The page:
Molly and I met a young female veteran, who loves dogs and wants to certify her big dog as a service dog. She told us how her dog keeps her from eating anything that contains nutmeg, an allergen that is difficult to detect in food. She shared dog stories with us until her appointment. As she finished with her doctor, she winded her way back to Molly, squatted to pet her, and thanked us for helping her remember the good times with one of her dogs she just put to sleep.

Our favorite visitors sat next to me–a Vietnam Veteran and his wife. Both love big dogs but do not have a dog. They eyed Molly and talked to her, commenting on her disposition. I shared with them a Molly lolly (a Molly Blog business card wrapped around a Tootsie Pop) and told them about Miss Molly’s blog. We talked about Vietnam until the veteran shed tears. I mentioned the tragedy of young men serving in a war labeled as a war we lost and then being treated horribly when the warriors returned home. The wife asked me to share more about what happened when they returned home. As I shared, her husband cried. She held him tightly and said she had no idea that happened. I changed the subject to tell him about one of Miss Molly’s goofy adventures; others laughed and shared similar stories. Then, a veteran would share a homecoming story of equal tragedy, coming over to pet Molly.

More than a Service Dog

Molly waits for WilliamWhen I woke up yesterday morning, I figured my purpose was to support my husband in his trip to the VA. I did not realize it would be to accompany Miss Molly as she provided therapy to a host of veterans and health care workers. Although her primary responsibility is to assist William with brace and balance, her job yesterday was to love and listen to a dozen or more veterans tell their story. I think they all went away with more than just a fistful of fur—they went away feeling better than when they walked into the hospital.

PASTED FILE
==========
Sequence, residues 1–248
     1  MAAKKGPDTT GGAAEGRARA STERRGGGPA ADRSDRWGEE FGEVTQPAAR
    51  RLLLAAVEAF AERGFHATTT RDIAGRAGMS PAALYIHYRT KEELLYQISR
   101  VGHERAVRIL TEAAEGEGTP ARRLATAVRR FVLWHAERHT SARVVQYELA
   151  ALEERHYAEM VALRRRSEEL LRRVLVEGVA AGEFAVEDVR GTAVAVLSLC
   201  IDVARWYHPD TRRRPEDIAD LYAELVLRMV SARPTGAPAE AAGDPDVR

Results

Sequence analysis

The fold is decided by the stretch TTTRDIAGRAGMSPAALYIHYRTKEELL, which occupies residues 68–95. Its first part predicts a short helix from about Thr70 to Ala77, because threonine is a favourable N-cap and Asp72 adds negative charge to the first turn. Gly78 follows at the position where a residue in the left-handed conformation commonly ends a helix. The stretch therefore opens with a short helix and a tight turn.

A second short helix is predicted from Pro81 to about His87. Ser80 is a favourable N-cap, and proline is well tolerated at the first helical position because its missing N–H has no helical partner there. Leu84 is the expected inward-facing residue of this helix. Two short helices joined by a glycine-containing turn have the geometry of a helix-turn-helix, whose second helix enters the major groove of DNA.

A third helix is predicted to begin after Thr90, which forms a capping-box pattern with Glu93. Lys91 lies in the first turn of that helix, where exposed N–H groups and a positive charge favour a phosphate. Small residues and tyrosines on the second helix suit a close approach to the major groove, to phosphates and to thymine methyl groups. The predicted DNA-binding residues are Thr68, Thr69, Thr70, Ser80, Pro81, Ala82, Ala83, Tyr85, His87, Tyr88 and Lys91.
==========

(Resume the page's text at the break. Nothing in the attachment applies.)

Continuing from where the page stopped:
As for me, I met remarkable men and women, who accept the cost of war and struggle to survive despite having lost so much in serving our country. I found hidden treasure in the men and women sitting around me in a hospital waiting room. If it wasn’t for Miss Molly, I am not sure I would have met the people I did or heard their stories.

Molly earned herself a hamburger on the way home. Exhausted, she slept for hours after getting home. Therapy is hard work. Maybe Molly should renegotiate her contract.

Did you know that a service dog is not a pet? A service dog is an assistance animal.

Petting a service dog is taboo because it treats the animal like a pet and distracts from the dog’s work.

Post your Comments:

Do you ever listen to the stories of veterans or share your own story with others? Please comment below. 

Photo credits: pculbrethgraft

About the blogger

Dr. Penelope “Penny” Culbreth-Graft is a retired city manager and graduate professor. She lives with her disabled Vietnam Veteran husband, William, and his service dog, Molly, on Cheyenne Mountain in Colorado. She writes, paints, cares for her husband, and spends time with her grandchildren.